The good news, according to the results of a new survey, is that 70 percent of women said they would stay in manufacturing if they were to start their career today. On the other hand, the study also shows that many manufacturers aren’t doing enough to target women (a critical talent pool), which could help them close the skills gap.
The study, “Women in Manufacturing: Stepping up to make an impact that matters,” was conducted by The Manufacturing Institute, Deloitte and APICS, and is the result of more than 600 survey responses from women professionals in the manufacturing industry, along with nearly 20 manufacturing executive interviews. The insights explain how companies may effectively recruit, retain and advance talented women in manufacturing, and illustrates ways that women in manufacturing are making an impact in the industry through programs like STEP (Science, Technology, Engineering and Production) Ahead.
I was interested to see that some of the most important employment factors for women in manufacturing—according to the respondents—include opportunities for challenging and interesting assignments, attractive pay and good work-life balance. The most impactful programs to help retain women in manufacturing include formal and informal mentorship programs, flexible work practices, and increasing the visibility of key leaders who serve as role models, according to survey respondents.
“The industry is missing out on a critical talent resource to help advance innovation in manufacturing, increase America’s competitiveness in the global manufacturing landscape and close the skills gap,” adds Trina Huelsman, vice chairman, co-author of the research, Deloitte & Touche LLP. “Unleashing the potential of women in manufacturing can reap big rewards. Organizations that make recruitment, retention and advancement of women a strategic priority can bring diverse decision making perspectives, drive innovative and creative solutions, and may achieve overall better business performance.”
While there has been an overall positive change in the industry’s attitude toward women employees, women still only comprise 29 percent of the U.S. manufacturing workforce, while they make up approximately half of the total U.S. labor force. To help address that challenge, The Manufacturing Institute is promoting the role of women in manufacturing through mentoring, recognition, research and leadership with its STEP Ahead initiative, which was launched in 2012 to celebrate women in the manufacturing industry who are making a difference through advocacy, mentorship, engagement, promotion and leadership.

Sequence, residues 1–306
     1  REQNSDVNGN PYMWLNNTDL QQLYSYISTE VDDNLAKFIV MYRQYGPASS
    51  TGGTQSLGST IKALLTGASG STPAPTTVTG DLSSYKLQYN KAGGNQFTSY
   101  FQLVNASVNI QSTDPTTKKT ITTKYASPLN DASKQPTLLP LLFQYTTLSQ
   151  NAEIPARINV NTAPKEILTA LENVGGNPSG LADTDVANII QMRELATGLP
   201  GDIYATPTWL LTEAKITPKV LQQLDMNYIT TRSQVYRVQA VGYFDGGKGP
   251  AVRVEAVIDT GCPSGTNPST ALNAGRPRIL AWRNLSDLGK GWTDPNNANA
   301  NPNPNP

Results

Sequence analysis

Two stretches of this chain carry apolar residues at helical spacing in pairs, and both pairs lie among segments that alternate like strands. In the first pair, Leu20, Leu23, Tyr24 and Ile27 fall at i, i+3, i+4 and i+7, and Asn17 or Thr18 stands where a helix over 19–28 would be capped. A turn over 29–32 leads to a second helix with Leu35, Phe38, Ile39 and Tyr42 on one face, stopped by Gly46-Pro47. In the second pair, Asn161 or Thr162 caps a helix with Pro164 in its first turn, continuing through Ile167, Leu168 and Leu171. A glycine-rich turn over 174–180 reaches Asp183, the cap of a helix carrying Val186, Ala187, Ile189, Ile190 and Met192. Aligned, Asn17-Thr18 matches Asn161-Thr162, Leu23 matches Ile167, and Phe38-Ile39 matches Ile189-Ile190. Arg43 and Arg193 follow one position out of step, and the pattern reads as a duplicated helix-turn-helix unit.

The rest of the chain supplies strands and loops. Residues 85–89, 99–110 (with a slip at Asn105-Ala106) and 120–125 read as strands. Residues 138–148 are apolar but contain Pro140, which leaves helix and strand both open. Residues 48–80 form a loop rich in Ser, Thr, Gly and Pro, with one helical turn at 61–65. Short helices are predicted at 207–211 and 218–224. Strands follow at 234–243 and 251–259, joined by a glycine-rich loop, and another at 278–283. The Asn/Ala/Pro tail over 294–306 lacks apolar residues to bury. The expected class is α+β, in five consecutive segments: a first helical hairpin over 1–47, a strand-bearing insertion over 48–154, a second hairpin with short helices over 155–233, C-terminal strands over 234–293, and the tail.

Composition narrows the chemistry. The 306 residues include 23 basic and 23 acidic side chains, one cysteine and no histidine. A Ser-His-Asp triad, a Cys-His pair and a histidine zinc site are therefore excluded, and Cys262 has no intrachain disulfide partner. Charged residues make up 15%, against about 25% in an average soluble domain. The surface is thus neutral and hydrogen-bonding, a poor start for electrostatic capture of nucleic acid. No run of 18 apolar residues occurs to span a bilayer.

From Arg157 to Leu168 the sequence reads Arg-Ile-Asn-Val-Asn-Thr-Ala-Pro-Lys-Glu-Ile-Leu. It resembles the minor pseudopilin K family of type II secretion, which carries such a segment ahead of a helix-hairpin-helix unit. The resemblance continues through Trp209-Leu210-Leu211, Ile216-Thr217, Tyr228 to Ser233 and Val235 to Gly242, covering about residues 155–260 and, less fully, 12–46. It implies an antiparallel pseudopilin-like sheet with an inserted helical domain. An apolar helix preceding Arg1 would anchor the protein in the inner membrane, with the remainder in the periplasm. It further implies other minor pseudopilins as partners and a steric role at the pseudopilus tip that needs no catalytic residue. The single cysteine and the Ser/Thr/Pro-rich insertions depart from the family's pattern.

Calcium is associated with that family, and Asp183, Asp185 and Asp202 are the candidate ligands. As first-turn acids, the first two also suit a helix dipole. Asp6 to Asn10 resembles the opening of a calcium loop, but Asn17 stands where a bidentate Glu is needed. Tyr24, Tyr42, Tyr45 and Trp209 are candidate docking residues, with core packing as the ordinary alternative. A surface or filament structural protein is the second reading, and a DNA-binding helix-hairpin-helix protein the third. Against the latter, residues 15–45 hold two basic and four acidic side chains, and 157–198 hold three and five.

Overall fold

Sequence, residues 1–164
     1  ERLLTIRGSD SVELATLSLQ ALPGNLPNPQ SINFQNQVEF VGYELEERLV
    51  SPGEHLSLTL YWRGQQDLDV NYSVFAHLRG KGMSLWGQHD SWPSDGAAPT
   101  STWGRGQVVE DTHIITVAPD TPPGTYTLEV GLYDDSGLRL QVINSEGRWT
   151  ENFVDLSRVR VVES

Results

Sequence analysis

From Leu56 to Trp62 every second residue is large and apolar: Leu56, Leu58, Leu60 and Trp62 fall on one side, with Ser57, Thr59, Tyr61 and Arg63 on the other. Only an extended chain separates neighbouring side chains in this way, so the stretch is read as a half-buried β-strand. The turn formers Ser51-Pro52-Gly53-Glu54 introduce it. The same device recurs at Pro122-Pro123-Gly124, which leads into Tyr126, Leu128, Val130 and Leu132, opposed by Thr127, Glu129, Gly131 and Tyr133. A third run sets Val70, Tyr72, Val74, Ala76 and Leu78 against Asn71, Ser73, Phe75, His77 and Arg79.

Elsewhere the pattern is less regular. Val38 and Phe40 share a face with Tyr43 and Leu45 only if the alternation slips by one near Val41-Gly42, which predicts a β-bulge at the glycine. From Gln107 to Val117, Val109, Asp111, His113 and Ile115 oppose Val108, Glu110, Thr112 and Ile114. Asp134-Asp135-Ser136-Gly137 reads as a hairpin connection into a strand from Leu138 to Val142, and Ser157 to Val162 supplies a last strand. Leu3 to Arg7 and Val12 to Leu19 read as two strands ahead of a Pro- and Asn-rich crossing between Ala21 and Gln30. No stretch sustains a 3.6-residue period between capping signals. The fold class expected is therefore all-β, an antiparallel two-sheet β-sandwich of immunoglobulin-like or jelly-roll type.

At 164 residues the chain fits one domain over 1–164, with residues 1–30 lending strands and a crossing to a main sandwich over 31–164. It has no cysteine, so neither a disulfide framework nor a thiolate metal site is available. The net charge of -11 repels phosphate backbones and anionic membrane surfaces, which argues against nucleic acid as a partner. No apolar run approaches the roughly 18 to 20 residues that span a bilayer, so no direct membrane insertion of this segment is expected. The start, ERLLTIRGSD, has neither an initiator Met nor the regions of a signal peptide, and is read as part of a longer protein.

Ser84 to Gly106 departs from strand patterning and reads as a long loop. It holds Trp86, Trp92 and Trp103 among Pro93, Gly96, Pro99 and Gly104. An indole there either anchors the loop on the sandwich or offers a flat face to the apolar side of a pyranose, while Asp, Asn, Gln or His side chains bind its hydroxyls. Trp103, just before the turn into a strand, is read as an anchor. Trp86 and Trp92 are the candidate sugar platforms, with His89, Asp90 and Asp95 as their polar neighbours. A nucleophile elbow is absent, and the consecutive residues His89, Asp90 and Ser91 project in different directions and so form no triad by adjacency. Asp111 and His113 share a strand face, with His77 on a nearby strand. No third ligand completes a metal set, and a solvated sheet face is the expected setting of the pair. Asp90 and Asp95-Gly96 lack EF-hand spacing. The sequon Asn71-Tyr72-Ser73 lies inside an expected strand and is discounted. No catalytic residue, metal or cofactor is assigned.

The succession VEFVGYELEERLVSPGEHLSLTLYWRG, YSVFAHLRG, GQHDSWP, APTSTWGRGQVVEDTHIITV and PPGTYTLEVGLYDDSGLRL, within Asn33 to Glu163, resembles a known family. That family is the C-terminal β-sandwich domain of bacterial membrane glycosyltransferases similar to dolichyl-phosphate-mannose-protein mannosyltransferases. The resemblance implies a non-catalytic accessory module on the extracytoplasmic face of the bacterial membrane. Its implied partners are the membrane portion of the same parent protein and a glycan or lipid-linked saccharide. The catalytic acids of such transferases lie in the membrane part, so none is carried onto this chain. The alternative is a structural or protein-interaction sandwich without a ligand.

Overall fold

Toward that goal, the study also examines the positive impact of STEP Ahead, reporting insights from former honorees and emerging leaders who indicate STEP Ahead has helped raise the visibility of opportunities for women in the industry, manufacturing opportunities in the community, and opportunities for women within their companies. The STEP Ahead honorees and emerging leaders have reached an estimated 300,000 individuals—from peers in the industry to school age children—through their industry engagement. Indeed, nearly 90 percent of the STEP Ahead honorees indicate they are engaged with individuals to raise the visibility of the industry; 92 percent said they are engaged in efforts in the development of women; and 70 percent said they are engaged with the K-12 system to encourage young girls and boys to consider careers in manufacturing.
“Many outstanding women leaders are making huge strides in building and promoting the manufacturing industry and are demonstrating what modern manufacturing offers: rewarding and fulfilling careers with limitless opportunity for growth,” says Jay Timmons, president and CEO, National Association of Manufacturers. “Today’s manufacturing employees are building and designing the future, and women in manufacturing serve as ambassadors to move this industry forward.”
What are your thoughts on the number of women in manufacturing? Does your company do enough to recruit, and retain, women?